PublicationsTopic index of systematic reviewsKnowledge pagesConflict resolution
Conflict resolution
This page contains the findings of systematic reviews undertaken by review groups linked to the EPPI Centre

One review [1] investigated interventions in schools to promote peer mediation, negotiation and conflict resolution skills.  The studies concluded that interventions do, on the whole, produce some positive effects which may endure beyond the end of the intervention, including the retention of knowledge and skills pertaining to conflict resolution, peer mediation and negotiation, and some lasting effects on discipline and behaviour.  Few negative findings were reported.  Three strategies were reported:

  • Students for Peace, a large-scale evaluation involving eight schools.  The researchers found that this intervention had no impact on self-reported aggressive behaviour, fights at school, injuries due to fighting, missing classes because of feeling unsafe at school, or being threatened with harm.
  • The programme Responding in Peaceful and Positive Ways.  This study found few significant differences in self-reported aggressive behaviour or that reported by others at six and twelve months.  However, students who participated reported more frequent use of a peer mediation programme and reductions in fight-related injuries immediately after the intervention.  Participants were also less likely to have disciplinary code violations and in-school suspensions than those in the control group; this effect appeared to persist for up to twelve months, but the twelve-month differences did not reach statistical significance, except for the suspension rates of boys. Intervention effects on violent behaviour benefited mainly those students with the highest levels.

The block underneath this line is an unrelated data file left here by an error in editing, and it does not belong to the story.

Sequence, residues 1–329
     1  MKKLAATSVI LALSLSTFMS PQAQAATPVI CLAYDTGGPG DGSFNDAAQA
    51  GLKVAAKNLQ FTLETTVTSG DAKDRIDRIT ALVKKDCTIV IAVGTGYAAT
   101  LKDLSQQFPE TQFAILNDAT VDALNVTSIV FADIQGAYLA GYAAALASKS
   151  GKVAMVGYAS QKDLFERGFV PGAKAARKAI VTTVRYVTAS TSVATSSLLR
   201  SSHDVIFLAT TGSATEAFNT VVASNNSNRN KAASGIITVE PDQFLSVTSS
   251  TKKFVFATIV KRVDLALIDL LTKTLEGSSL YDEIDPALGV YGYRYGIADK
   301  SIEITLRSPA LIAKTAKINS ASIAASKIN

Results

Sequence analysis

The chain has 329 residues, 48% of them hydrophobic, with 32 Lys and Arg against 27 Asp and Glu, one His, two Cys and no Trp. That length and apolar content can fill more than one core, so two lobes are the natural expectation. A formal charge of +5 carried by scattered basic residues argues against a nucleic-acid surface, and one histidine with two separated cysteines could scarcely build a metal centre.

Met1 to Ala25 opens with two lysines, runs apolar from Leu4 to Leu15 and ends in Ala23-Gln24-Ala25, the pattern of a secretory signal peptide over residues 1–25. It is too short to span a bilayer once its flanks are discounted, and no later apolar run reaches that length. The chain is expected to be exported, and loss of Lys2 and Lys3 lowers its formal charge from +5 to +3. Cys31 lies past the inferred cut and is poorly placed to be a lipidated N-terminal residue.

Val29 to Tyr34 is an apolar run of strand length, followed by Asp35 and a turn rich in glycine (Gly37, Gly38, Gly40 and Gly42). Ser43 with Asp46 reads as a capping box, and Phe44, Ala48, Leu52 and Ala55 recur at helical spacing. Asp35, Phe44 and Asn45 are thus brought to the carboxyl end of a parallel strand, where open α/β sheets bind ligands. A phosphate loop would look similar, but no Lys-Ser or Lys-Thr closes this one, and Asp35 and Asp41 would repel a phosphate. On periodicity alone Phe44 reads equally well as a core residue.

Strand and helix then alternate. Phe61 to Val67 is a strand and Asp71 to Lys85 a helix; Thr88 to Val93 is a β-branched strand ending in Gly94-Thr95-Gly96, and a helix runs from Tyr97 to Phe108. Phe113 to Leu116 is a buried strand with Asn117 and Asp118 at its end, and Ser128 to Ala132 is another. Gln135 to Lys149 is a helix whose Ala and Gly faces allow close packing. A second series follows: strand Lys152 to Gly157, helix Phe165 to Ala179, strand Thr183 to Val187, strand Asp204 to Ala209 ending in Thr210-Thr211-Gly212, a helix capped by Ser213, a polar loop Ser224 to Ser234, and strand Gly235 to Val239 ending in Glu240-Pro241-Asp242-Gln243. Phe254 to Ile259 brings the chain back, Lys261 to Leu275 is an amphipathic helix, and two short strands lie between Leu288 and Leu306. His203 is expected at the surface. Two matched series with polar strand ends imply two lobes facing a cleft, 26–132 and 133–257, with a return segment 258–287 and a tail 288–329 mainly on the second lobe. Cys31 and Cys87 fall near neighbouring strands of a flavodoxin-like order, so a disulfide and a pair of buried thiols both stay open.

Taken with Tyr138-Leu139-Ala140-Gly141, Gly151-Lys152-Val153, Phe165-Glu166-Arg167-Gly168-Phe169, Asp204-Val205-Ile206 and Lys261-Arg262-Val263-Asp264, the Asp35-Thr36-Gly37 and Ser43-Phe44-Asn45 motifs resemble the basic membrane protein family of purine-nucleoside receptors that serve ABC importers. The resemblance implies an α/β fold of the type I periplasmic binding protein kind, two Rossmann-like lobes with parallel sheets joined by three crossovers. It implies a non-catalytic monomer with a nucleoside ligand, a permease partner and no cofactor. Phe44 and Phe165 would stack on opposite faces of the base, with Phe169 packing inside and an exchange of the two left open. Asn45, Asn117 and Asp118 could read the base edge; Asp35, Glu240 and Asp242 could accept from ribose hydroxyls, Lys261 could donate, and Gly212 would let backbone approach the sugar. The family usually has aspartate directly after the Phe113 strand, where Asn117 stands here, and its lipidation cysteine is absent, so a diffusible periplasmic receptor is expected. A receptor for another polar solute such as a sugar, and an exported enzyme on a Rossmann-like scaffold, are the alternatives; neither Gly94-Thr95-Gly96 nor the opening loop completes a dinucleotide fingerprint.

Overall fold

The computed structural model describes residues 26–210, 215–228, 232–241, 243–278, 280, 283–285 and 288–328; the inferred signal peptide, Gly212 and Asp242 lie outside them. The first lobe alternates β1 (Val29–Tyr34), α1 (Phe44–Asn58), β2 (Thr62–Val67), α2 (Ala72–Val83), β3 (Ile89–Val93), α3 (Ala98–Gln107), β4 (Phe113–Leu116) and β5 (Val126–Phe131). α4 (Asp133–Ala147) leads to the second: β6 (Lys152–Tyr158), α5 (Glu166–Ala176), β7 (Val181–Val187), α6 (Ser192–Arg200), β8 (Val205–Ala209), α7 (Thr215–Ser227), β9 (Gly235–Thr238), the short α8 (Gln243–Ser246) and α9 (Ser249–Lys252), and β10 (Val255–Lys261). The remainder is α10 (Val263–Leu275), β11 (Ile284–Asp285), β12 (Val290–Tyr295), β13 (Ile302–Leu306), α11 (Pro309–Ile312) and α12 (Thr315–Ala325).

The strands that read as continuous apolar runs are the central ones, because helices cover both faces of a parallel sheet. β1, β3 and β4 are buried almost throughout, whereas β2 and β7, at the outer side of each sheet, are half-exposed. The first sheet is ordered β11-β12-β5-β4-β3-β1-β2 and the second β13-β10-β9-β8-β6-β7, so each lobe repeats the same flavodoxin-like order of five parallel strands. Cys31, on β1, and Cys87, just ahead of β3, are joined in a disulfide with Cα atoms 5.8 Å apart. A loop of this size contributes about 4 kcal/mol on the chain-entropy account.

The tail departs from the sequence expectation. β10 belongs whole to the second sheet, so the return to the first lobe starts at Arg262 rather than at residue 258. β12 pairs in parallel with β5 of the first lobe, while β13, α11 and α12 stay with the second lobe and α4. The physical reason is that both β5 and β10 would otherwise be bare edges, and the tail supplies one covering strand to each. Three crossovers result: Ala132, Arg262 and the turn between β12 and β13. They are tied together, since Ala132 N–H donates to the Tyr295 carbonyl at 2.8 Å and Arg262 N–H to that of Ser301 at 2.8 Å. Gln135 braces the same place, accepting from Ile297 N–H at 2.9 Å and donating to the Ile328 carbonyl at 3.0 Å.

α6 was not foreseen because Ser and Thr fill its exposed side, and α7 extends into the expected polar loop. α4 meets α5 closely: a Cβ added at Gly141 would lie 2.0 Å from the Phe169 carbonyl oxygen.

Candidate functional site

• Three related studies looked at the impact of conflict resolution training when integrated into an academic unit in a high school. These reported positive effects on all outcomes measured; for example, participants knew many more steps of an integrative negotiation procedure than those in the control class. Skills in analysing conflict were transferred to another academic area after the intervention finished. 

The review was not able to assess the impact of peer-mediation programmes from the studies available.


1. Conflict resolution, peer mediation and young people's relationships  (2006)

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